When the Cypress Whispers by Yvette Manessis Corporon (Harper Paperbacks)
On a beautiful Greek island, myths, magic, and a colorful cast of mortals come together in a lushly atmospheric debut celebrating the powerful bond between an American woman and her Greek grandmother.
The daughter of Greek immigrants, Daphne has been brought up to believe in the American dream. When her husband dies in a car accident, leaving her with an inconsolable baby and stacks of bills, she channels everything she has into opening her own Greek restaurant. Now an acclaimed chef and restaurateur, she has also found a second chance at love with her wealthy, handsome fiancé.
Although American by birth, Daphne spent many blissful childhood summers on the magical Greek island of Erikousa, which her grandmother still calls home. At her Yia-yia’s side, she discovered her passion for cooking and absorbed the vibrant rhythms of island life, infused with ancient myths and legends lovingly passed down through generations. Somehow her beloved grandmother could always read her deepest thoughts, and despite the miles between them Daphne knows Yia-yia is the one person who can look beyond Daphne’s storybook life of seeming perfection to help her stay grounded. With her wedding day fast approaching, Daphne returns to Erikousa and to Yia-yia’s embrace.
The past and the present beautifully entwine in this glorious, heartfelt story about a woman trapped between the siren call of old-world traditions and the demands of a modern career and relationship. When Daphne arrives on Erikousa with her daughter, Evie, in tow, nothing is the way she recalls it, and she worries that her elderly Yia-yia is losing her grip on reality. But as the two of them spend time together on the magical island once again, her grandmother opens up to share remarkable memories of her life there—including moving stories of bravery and loyalty in the face of death during World War II—and Daphne remembers why she returned. Yia-yia has more than one lesson to teach her: that security is not the same as love, that her life can be filled with meaning again, and that the most important magic to believe in is the magic of herself.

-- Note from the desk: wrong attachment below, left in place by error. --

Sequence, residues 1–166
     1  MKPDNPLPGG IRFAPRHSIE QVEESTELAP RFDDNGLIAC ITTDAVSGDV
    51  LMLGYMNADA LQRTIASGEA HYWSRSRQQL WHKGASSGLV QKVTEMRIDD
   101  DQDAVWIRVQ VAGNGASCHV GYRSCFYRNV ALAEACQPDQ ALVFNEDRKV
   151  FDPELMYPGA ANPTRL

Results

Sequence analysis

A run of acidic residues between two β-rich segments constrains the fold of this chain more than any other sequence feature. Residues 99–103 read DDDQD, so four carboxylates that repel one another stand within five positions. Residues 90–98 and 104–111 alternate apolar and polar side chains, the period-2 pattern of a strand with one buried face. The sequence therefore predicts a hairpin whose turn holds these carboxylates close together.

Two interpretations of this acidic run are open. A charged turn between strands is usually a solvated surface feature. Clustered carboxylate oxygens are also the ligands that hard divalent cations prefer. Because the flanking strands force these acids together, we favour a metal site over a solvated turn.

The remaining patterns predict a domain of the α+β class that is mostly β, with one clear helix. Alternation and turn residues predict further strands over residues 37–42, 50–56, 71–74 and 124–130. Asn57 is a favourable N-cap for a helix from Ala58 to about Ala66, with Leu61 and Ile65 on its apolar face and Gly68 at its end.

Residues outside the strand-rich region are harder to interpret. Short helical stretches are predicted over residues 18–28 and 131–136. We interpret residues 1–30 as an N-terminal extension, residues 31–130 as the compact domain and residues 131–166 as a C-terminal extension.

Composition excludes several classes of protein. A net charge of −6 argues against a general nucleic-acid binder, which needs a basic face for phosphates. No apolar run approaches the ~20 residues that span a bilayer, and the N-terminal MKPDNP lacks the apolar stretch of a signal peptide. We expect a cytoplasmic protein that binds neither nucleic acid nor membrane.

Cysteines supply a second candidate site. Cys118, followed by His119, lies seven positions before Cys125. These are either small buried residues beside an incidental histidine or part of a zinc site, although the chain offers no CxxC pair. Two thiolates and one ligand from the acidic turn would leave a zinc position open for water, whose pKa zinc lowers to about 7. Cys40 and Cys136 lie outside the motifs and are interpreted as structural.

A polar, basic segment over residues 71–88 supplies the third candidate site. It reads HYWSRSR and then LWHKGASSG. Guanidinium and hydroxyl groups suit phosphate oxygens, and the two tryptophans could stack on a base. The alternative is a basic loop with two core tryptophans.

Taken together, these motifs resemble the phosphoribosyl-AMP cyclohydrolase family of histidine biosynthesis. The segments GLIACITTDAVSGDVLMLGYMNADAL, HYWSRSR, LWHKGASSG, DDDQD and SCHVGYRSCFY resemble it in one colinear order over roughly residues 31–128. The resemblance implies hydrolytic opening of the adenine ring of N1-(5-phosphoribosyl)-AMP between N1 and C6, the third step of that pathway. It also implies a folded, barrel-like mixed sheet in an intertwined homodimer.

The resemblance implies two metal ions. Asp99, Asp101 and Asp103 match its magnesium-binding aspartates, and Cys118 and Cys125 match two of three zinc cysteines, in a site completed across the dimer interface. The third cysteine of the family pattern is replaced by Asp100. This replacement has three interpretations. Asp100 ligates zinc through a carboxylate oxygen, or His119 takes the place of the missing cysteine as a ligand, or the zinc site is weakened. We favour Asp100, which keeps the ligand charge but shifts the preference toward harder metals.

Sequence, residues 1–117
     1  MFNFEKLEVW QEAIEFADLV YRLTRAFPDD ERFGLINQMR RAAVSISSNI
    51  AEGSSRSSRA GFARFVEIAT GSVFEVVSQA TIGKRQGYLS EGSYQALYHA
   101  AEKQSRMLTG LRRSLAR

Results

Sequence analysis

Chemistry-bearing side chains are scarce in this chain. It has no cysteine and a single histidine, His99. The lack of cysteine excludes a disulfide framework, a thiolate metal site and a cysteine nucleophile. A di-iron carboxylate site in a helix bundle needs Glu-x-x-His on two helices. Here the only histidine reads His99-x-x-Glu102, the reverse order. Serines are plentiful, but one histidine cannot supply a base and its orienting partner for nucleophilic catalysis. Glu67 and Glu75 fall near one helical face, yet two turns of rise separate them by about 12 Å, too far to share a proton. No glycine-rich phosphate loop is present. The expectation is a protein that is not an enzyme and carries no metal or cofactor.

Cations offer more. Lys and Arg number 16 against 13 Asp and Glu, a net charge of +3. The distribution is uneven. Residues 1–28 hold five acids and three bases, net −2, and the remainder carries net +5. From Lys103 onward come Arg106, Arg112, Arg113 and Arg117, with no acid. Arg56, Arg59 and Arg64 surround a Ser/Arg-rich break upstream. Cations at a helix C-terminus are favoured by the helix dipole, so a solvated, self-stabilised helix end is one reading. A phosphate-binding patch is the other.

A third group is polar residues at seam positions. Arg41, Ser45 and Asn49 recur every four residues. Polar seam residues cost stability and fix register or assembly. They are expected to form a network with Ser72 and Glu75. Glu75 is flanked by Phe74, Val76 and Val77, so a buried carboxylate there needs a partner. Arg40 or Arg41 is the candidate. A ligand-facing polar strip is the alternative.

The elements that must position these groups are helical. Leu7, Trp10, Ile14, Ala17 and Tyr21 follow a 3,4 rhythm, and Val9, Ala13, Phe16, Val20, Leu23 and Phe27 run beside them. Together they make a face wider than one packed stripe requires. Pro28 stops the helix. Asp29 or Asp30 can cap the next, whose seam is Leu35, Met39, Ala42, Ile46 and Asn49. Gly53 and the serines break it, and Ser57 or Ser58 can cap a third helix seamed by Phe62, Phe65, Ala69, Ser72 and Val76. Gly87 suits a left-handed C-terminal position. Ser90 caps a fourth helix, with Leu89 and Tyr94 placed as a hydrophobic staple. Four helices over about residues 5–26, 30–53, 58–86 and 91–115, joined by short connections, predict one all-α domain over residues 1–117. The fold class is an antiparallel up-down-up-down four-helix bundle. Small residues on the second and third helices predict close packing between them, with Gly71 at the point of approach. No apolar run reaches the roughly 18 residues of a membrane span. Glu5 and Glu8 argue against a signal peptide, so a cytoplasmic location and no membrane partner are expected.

Warrior by Ellen Oh (HarperTeen)
Kira, the yellow-eyed demon slayer who fiercely protected her kingdom—and the crown prince—has been proclaimed the Dragon Musado of prophecy. With the help of the first lost treasure, the legendary tidal stone that controls the seas, she defeated the evil shaman.
But it wasn’t enough.
Hansong is in chaos. The Demon Lord’s minions have infiltrated the city, treason is brewing among the military ranks, and Kira is overwhelmed by the loss of her parents. She’s determined that nothing will stop her from finding the second treasure needed to fulfill the Dragon King’s prophecy. Not even her attraction to Jaewon or the destructive army of half-breed demons hot on her trail. If only she could learn to trust others…
Her father always said one person can change the world. Will it be Kira?
For fantasy and action fans, Warrior boasts mythical creatures—such as a nine-tailed fox demon—a goblin army, a hungry dragon with a snarky attitude, and a strong female hero to boot.
A Wrinkle in Time: The Graphic Novel by Madeleine L’Engle and Hope Larson (Square Fish)
The world already knows Meg and Charles Wallace Murry, Calvin O’Keefe, and the three Mrs—Who, Whatsit, and Which—the memorable and wonderful characters who fight off a dark force and save our universe in the Newbery Award-winning classic A Wrinkle in Time. But in fifty years of publication, the book has never been illustrated. Now, Hope Larson takes the classic story to a new level with her vividly imagined interpretations of tessering and favorite characters like the Happy Medium and Aunt Beast. Perfect for old fans and winning over new ones, this graphic novel adaptation is a must-read.